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Trades worker shortage worsens through pandemic

An estimated 64,000 additional tradespeople will be needed in B.C. over the next 10 years
SiteC-concretefinishing-oct2021
As the labour shortage grows, the industry is beginning to have a greater appreciation for the time and energy it takes to develop a skilled workforce.

Many B.C. construction industry businesses held out hope that COVID-19-related job losses in other sectors of the economy might help to relieve some of their labour shortage issues.

But a flood of new workers into the building sector never materialized, and the industry continues to struggle with labour supply issues.

“In 2020 with COVID we had our first material decline in construction employment,” said Brynn Bourke, executive director at BC Building Trades.

In 2019, the year before the pandemic, construction employment was expected to increase by 17,000 over the following 10 years; in 2021 that projected employment growth nearly quadrupled to 64,900, according to data from BuildForce Canada.

Chris Atchison, president of the BC Construction Association, said that while some people may have lost their jobs during the pandemic and accepted alternative employment in the construction industry, their numbers were not large enough to show up in the data.

Atchison added that even if closures in other sectors did spur an increase in construction industry employment, it would have been temporary, because any flow of employees from other industries would likely have reversed once those businesses reopened.

There has been tremendous pressure on the industry to maintain the status quo on work that was underway at the beginning of the pandemic, Atchison said.

At the same time, the industry increased its new project intake, which worsened the labour supply shortage. Major public and private investments were made over the past few years in infrastructure projects ranging from LNG Canada to Site C to the Broadway subway, and additional provincial and federal infrastructure projects were initiated during the pandemic. That, combined with the need to repair critical infrastructure damaged by natural disasters, is putting even more pressure on an already strained employment landscape.

An out-dated training system is at least partly to blame for the trade shortage, according to Bourke. Traditionally, high school students who decide to enter a trade choose their courses in grades 11 and 12 based on that decision. Today, the average apprentice is 28 years old and, contrary to the old high school model, many have chosen to switch careers and join a trade in their late 20s.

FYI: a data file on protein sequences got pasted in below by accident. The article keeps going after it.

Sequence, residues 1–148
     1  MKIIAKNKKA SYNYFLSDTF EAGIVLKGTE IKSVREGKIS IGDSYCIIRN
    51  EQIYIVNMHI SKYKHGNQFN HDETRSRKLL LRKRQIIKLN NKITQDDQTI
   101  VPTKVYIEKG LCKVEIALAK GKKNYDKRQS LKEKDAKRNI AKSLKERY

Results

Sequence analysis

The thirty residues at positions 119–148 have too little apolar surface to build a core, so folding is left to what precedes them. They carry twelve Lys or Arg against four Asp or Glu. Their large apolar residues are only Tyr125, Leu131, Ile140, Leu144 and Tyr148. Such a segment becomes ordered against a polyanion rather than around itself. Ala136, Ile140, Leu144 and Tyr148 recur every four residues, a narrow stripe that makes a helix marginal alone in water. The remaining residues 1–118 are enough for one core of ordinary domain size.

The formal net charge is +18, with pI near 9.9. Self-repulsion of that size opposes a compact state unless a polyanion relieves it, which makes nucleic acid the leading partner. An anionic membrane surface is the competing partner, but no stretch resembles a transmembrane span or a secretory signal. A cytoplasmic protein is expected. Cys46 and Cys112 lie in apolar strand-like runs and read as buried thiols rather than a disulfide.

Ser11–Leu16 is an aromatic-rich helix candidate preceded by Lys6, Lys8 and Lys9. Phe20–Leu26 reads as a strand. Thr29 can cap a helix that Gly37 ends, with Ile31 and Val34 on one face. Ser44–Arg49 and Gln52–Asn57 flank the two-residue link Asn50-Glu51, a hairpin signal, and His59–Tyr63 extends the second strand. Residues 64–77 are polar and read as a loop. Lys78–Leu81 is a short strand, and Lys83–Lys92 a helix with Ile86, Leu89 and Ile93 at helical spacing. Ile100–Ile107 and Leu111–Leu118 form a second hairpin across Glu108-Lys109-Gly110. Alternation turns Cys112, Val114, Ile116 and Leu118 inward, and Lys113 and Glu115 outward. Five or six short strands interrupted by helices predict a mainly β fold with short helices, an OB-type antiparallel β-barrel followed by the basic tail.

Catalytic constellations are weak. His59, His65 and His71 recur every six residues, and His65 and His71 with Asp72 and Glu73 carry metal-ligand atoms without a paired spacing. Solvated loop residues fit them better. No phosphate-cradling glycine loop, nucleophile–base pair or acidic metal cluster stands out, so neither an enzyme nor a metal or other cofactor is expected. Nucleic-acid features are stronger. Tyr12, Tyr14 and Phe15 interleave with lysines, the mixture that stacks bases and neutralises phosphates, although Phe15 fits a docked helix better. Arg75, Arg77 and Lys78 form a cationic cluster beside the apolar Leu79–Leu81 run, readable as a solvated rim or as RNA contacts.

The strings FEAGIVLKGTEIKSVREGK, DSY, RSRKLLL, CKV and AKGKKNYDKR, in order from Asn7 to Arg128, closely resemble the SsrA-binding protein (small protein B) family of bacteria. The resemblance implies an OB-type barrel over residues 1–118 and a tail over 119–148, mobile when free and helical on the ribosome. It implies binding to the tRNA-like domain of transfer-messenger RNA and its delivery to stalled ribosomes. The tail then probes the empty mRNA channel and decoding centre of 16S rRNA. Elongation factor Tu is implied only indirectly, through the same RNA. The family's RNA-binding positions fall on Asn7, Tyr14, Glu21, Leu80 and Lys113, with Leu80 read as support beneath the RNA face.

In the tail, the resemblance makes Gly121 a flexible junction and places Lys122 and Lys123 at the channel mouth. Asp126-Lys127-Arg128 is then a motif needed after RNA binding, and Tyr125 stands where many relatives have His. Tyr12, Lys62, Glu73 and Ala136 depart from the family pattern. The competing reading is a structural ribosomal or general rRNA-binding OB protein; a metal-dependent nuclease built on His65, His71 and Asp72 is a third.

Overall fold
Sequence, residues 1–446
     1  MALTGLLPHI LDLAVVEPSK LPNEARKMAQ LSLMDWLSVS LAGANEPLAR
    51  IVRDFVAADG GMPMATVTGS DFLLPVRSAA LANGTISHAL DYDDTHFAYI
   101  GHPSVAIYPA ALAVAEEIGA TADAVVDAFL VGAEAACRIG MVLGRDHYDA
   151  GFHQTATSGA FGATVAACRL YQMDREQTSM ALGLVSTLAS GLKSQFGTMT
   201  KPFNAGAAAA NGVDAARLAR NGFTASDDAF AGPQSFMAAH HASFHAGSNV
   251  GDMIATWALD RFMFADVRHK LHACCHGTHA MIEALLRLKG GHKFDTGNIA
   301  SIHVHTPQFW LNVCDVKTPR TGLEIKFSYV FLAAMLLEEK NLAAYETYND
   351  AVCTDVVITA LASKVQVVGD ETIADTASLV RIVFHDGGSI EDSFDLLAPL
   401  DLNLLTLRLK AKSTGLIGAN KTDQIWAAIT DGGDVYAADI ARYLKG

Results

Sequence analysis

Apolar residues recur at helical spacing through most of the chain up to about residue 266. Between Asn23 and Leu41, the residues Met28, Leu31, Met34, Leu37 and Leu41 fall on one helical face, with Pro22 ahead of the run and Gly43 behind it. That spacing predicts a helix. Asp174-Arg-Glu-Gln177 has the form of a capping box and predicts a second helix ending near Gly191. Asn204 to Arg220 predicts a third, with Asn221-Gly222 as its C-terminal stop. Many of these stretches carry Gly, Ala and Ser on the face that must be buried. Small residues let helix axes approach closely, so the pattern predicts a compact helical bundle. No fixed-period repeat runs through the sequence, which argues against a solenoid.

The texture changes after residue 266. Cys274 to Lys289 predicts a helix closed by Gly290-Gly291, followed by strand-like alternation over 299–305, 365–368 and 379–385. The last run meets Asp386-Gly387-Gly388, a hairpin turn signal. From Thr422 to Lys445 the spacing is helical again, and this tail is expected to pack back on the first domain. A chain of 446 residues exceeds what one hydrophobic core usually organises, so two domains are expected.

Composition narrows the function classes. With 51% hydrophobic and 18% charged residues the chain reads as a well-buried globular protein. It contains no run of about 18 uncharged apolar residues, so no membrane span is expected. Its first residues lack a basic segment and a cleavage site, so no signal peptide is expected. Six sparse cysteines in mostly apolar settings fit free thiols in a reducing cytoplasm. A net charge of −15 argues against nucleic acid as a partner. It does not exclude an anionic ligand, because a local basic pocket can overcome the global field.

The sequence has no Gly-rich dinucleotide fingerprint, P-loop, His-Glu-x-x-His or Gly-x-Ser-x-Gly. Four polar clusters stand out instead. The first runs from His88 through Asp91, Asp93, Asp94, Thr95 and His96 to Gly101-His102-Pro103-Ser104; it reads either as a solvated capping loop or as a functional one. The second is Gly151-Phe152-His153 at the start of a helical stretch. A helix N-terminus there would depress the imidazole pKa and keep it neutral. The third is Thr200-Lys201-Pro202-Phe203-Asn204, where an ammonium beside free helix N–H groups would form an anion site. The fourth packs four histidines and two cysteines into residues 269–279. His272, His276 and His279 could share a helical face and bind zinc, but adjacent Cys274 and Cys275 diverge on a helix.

Bourke added that the industry is becoming increasing reliant on this growing labour pool to fill job vacancies, but these potential employees find upgrading or proving their high school math skills a barrier to the trade.

A lack of awareness is another issue affecting employment levels within the construction industry, according to Bourke. People often don’t consider the wide array of career opportunities that exist under the umbrella of trades, including those in less widely known trades like insulator or elevator mechanic.

Construction unions, businesses and industry groups are working to attract more people into the trades by making it easier for them to learn about career opportunities. 

“One of the big projects that we’re working on in the building trade is we’re trying to demystify construction,” Bourke said. "We’re trying to make it as easy as possible to connect with people who are interested in the building trades.”

BC Building Trades has taken on a number of initiatives to attract more people into the industry, including an upskilling program that identifies the competencies a tradesperson would need and provides guides to help them through some of the education barriers such as high school level math competency.

But Bourke said that not everyone is helping.

“There are two different kinds of players in the industry. Those who train and those who poach.”

But as the labour shortage grows, the industry is beginning to have a greater appreciation for the time and energy it takes to develop a skilled workforce, and, according to Bourke, more companies are beginning to take on the responsibility of training apprentices.

B.C. is in the process of mandating certification in 10 trades, which means a worker needs to be an apprentice or a journeyman to perform that job. B.C. was the only province that didn’t have compulsory trades certification, and Bourke said that it will help encourage more businesses to take on a training role.

Atchison said that the industry is also trying to encourage more diversity within the construction workforce to help reduce the labour shortage.

The industry, which is dominated by white males, is hoping that a concerted effort to attract women and new Canadians to the trades will help increase B.C.’s construction trades talent pool.